The human body contains 60,000 miles of blood vessels. This mileage, along with the heart and other muscles, is the circulatory system.
When circulation is poor, it slows or blocks the blood flow, preventing all of the cells in the body from receiving the oxygen and nutrients they need. If this happens for an extended period, it could lead to limb loss.
Signs of poor circulation
Patients who frequently notice cold or numb hands or feet could have an issue with circulation. The most common symptoms of poor circulation include tingling, numbness, throbbing or stinging pain in the limbs and muscle cramps. Those who are fair-skinned might get a blue tinge to their legs. Poor circulation can also dry your skin, turn nails brittle and make hair fall out, especially on the feet and legs. Diabetics with poor circulation often have wounds and sores that are slow in healing.
For those with poor circulation, or who simply want to keep their circulation healthy, there are things that can be done to help keep the blood flowing.
The most important – if you smoke, quit. Nicotine harms the walls of the arteries and thickens the blood so much it can’t get through. Talk to your primary care physician if you need help with quitting.
Maintain your blood pressure. A blood pressure that is too high causes a condition that hardens the arteries and chokes off blood flow. Aim for 120 over 80 or less, but talk to your primary care physician about the best numbers for your age and health.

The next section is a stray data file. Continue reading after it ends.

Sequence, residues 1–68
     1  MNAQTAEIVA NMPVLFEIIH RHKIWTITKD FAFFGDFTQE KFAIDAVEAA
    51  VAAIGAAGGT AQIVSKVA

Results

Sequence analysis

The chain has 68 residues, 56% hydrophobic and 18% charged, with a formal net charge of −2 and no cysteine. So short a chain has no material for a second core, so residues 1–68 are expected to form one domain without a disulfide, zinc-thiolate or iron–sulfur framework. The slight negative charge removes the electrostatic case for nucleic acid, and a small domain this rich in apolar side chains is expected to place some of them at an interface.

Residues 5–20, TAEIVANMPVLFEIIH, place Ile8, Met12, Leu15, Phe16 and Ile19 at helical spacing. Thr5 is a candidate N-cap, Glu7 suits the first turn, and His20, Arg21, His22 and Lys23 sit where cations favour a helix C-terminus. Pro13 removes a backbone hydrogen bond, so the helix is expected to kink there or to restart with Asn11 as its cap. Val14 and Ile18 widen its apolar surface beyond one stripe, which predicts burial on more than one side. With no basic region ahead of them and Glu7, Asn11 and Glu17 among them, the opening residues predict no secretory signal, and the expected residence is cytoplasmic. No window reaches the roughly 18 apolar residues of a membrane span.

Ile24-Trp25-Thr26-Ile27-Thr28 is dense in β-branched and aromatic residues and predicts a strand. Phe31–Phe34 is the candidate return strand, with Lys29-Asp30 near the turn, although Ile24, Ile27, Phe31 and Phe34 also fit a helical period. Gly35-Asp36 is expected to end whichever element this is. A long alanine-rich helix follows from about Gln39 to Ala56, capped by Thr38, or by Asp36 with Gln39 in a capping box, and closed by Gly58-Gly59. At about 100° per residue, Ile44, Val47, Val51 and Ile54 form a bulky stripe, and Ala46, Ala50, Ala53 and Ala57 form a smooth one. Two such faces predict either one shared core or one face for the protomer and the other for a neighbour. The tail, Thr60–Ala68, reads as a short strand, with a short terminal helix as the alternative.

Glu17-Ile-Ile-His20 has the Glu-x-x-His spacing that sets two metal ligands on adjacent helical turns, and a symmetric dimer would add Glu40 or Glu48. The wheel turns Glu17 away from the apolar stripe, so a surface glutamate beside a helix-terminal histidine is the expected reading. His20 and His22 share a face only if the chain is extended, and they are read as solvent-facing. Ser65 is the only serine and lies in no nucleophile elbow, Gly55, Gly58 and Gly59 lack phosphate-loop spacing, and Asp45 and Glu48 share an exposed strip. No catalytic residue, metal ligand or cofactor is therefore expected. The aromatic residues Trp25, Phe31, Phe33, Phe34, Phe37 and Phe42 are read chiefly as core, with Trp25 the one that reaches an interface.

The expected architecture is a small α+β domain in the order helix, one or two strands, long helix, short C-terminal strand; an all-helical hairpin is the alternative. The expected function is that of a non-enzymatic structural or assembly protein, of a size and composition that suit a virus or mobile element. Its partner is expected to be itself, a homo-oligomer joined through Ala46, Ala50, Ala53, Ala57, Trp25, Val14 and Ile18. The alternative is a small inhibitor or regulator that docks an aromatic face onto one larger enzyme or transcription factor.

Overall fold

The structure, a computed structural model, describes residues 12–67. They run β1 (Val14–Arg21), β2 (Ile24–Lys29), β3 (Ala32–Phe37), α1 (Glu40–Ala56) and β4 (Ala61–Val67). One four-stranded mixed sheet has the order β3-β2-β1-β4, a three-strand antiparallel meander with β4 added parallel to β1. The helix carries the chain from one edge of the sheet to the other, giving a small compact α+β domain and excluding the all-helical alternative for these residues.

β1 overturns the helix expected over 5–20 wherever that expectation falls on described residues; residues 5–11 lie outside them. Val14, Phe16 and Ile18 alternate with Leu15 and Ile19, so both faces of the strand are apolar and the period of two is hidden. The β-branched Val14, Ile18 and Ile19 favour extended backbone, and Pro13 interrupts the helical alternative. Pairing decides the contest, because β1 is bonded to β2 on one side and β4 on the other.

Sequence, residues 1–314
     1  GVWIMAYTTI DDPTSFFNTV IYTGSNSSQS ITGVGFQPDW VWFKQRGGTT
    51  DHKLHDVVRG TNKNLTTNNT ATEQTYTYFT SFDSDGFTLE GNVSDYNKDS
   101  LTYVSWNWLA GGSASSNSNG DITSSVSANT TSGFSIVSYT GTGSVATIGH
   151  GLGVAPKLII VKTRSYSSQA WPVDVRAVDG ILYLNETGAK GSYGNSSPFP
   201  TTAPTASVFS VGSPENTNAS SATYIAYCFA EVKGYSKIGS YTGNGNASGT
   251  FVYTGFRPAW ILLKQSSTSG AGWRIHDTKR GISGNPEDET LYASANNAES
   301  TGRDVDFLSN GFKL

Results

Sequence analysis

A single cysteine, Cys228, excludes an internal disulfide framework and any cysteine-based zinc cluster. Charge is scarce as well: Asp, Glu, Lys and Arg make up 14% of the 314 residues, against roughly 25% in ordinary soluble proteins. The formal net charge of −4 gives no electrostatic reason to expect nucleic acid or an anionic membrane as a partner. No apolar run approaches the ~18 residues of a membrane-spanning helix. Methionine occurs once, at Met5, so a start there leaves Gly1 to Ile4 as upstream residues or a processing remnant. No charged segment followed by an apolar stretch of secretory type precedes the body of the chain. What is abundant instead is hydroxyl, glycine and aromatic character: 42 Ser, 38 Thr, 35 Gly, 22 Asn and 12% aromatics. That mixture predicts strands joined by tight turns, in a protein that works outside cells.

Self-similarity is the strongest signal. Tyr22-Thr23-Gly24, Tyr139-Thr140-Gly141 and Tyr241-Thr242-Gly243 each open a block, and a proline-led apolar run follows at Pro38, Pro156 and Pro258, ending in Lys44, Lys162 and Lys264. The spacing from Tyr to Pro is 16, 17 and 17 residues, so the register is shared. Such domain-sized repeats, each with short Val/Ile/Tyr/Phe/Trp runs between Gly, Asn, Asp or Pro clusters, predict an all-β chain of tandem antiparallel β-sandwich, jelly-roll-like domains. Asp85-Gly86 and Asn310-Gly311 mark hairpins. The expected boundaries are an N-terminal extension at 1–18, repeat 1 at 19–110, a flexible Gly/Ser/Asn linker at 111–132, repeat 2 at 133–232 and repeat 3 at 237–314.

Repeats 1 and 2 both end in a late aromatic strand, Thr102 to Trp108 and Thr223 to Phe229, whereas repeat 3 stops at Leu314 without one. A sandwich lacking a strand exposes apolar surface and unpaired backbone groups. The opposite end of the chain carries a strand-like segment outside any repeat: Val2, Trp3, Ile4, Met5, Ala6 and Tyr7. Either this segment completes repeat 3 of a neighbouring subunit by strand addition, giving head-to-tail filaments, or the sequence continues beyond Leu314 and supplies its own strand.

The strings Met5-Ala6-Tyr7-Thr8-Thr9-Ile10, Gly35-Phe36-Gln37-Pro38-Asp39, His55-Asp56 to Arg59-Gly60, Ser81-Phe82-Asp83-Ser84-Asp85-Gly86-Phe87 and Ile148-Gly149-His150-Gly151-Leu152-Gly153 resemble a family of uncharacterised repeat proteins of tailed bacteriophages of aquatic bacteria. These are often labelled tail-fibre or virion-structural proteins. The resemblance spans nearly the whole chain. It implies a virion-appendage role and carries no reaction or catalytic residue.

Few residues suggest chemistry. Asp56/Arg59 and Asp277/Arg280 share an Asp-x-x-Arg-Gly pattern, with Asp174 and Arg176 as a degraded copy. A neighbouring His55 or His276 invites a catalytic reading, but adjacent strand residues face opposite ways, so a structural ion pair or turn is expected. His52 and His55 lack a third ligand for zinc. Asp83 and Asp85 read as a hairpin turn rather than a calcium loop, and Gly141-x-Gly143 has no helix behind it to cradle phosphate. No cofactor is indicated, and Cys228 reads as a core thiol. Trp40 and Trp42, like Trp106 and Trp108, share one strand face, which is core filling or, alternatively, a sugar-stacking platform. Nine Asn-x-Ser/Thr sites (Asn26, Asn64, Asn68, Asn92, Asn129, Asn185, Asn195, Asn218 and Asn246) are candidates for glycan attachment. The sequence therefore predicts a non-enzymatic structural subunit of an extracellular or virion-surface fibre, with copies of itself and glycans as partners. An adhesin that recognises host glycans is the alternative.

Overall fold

Stay hydrated. Blood is about half water, and it is important to remain hydrated to keep your blood moving. Make a goal of eight glasses a day, but increase that number if exercising or when it is hot outside.
Sitting for long periods is bad for circulation. It weakens leg muscles and slows blood flow in the legs, which can cause a blood clot. Getting on your feet periodically works the valves in the leg veins, sending the blood up to the heart. If on a long road trip, make sure you stop to take breaks for everyone to get out and stretch their legs for a minute.
Aerobic exercise means “with oxygen.” Run, bike, walk, swim – take in more oxygen and move your muscles. Set a goal to exercise 30 minutes, five to seven days a week. Break exercise time into smaller chunks if it is easier to fit into your schedule.
Pressure compression stockings help the blood vessels work better. They put a small amount of pressure on the legs so the blood doesn’t hang around too long. Instead, it will move back up to the heart. Compression stockings will keep the legs from getting tired and achy, ease swelling in the feet and ankles as well as help prevent and treat spider and varicose veins.
Eat plenty of fruits and vegetables and watch out for too much salt. Stay clear of saturated fats found in red meat, chicken, cheese and other animal sources. This will help keep your weight in a healthy range, ensure cholesterol and blood pressure stay in check and your arteries clear.
Anyone experiencing uncomfortable symptoms should discuss them with their primary care physician.
Untreated conditions can lead to serious complications. Your physician will work to determine the cause of your poor circulation, treat the underlying issue and, if necessary, refer you to a vascular surgeon.
When caught early, diseases that lead to poor circulation are treatable. Left untreated, poor circulation may indicate a disease is in a progressive state. Life-threatening complications, such as loose blood clots, can also occur if the condition is not properly treated.
Dr. Gabor A. Winkler is a board certified vascular surgeon with additional advanced interventional fellowship training. He cares for patients with McLeod Vascular Associates in Florence and at the office of McLeod Cardiology Associates, located at 540 Physicians Lane, Sumter. For information on scheduling appointments, call 843-777-7043.